Gone in 60 Seconds
Directed by Dominic Sena
Review by Matt Heffernan
You know it's summer when Jerry Bruckheimer releases a film to assault the senses and insult the intelligence of the American public. Assembling a creative team that he can push around, the man who brought us Con Air and The Rock has attempted once again to destroy whatever acclaim has been given to Nicolas Cage's career.
Cage plays Randall "Memphis" Raines, a retired car thief who now spends his time running a go-kart track. His kid brother, Kip (Giovanni Ribisi), bungled a major heist for British crime lord Raymond Calitri (Christopher Eccleston), who now has an order to fill for fifty high-end, exotic, and rare cars. Calitri demands that Memphis come back to town and re-steal the cars within the next three days, or he will kill Kip.
Memphis reluctantly agrees, given little other choice, so he goes to his old friend, Otto (Robert Duvall), to help him assemble a team of car thieves. Of course, everybody is now retired, but Memphis and Otto convince Donny (Chi McBride), Sphinx (Vinnie Jones), and Sway (Angelina Jolie) to join them. All the while, they are under the tight surveillance of Detective Roland Castlebeck (Delroy Lindo), who is just waiting for something to nab Memphis on.
Based on the low-budget 1974 cult film, Gone in 60 Seconds is one big, dumb ride through the underbelly of Southern California. Of course, Bruckheimer specializes in big, dumb rides, so this film was made with extraordinary care and skill. It's the first film for director Dominic Sena since his 1993 debut Kalifornia. Bruckheimer let him do one massive set piece after another, because Scott Rosenberg's moronic screenplay prevented any actual storytelling.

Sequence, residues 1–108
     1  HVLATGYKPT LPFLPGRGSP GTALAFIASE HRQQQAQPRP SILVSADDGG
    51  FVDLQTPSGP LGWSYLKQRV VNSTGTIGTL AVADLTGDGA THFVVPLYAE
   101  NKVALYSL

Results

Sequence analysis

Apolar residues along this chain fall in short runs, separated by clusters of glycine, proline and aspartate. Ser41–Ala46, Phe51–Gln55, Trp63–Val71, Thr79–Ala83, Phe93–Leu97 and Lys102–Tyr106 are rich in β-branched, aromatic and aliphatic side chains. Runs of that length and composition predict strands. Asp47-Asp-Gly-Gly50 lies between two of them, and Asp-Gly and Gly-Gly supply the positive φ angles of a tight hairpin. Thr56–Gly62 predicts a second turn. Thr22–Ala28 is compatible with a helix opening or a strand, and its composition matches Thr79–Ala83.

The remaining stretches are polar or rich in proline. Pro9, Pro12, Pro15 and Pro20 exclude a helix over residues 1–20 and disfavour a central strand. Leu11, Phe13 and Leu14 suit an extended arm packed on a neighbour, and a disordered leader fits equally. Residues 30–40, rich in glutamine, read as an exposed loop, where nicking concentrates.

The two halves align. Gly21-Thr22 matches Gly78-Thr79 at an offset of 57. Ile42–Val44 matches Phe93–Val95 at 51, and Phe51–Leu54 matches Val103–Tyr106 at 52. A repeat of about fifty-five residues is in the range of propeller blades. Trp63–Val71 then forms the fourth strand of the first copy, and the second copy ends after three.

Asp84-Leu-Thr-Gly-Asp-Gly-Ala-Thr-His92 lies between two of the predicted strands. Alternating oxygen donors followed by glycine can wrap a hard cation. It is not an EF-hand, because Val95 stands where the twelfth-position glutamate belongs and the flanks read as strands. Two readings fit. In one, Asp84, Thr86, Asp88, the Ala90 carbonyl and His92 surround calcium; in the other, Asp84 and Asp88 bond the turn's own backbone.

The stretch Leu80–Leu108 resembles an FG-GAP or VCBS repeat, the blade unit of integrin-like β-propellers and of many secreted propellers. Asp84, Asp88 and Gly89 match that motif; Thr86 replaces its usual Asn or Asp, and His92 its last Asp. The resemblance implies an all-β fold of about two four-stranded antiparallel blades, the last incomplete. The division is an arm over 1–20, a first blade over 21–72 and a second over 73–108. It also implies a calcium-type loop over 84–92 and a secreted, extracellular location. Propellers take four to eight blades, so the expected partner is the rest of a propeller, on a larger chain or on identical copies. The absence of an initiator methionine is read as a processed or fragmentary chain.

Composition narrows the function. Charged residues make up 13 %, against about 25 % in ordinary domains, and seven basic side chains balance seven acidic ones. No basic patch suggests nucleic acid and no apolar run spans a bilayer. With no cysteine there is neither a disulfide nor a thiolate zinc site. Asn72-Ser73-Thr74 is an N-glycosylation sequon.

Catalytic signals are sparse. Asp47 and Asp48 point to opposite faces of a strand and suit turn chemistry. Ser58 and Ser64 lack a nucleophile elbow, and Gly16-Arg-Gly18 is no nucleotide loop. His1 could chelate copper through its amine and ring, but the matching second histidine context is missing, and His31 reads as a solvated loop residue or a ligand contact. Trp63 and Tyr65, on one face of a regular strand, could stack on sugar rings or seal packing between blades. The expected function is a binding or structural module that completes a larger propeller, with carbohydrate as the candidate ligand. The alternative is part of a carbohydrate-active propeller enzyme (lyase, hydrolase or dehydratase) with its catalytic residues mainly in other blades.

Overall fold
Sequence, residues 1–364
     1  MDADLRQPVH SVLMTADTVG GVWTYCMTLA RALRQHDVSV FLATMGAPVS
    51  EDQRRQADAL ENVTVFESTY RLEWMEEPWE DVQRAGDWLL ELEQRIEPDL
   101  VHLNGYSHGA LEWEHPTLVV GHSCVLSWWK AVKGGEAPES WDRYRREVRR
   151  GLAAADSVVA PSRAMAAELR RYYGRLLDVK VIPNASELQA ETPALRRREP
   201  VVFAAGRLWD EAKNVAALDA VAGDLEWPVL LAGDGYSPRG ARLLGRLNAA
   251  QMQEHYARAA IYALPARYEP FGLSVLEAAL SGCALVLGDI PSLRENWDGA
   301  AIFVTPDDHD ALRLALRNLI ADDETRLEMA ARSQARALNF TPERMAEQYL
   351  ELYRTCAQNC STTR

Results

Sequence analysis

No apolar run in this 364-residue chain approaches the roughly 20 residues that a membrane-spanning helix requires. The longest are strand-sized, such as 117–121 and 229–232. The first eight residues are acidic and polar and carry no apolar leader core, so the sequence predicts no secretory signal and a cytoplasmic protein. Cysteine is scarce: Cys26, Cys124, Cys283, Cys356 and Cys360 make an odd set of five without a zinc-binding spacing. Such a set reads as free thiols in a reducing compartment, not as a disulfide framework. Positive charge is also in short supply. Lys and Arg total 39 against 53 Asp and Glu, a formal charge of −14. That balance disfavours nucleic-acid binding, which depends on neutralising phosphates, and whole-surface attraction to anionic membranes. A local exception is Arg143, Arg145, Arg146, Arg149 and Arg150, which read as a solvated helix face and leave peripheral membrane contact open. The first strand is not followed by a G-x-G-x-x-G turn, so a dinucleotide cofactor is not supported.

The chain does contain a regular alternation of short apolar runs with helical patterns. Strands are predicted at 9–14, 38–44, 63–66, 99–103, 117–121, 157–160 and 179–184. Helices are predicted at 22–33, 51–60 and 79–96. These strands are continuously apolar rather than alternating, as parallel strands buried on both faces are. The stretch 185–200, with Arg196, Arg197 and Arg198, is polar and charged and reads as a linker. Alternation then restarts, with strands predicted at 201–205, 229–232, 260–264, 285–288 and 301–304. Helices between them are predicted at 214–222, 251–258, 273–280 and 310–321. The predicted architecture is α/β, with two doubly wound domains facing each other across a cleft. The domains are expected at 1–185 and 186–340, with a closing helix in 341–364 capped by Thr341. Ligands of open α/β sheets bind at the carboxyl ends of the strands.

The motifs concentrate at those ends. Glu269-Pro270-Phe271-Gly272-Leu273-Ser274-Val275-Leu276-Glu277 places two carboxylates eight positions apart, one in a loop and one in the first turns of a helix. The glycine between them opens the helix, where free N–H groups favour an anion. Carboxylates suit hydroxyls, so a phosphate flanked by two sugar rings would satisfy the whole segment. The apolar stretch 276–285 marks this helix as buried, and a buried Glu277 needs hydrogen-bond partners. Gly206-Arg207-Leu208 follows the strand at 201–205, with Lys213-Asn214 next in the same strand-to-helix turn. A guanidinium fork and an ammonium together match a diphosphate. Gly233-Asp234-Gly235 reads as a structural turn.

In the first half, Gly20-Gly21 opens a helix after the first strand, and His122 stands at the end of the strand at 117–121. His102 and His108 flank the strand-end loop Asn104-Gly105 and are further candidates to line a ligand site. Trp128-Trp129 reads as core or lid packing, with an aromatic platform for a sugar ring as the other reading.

Rosenberg often works for Bruckheimer, providing him with little quips and expository dialogue to the keep the film moving. I admit, I laughed at a few of the one-liners, but whenever the "characters" tried to interact, it was painful. Cage, Duvall, and now Jolie are all Academy Award-winners, but their only function here is to put respectable names on the marquee. They never had to use their craft to essentially re-enact emotional moments from "Full House". Just be there for the close-up, smile and wink, then get out of the stuntman's way.
I've never seen the original film, but I have gathered that it also needed a little work in the intelligence department. It's mainly popular because nearly half of its running length is devoted to a single car chase. Bruckheimer had a lot more money to spend, but not the freedom to make such a bold choice.
For more information, go to the Internet Movie Database:
Gone in 60 Seconds (2000)
Video Pick of the Week
Guide to Star Ratings
Review © 2000 Matt Heffernan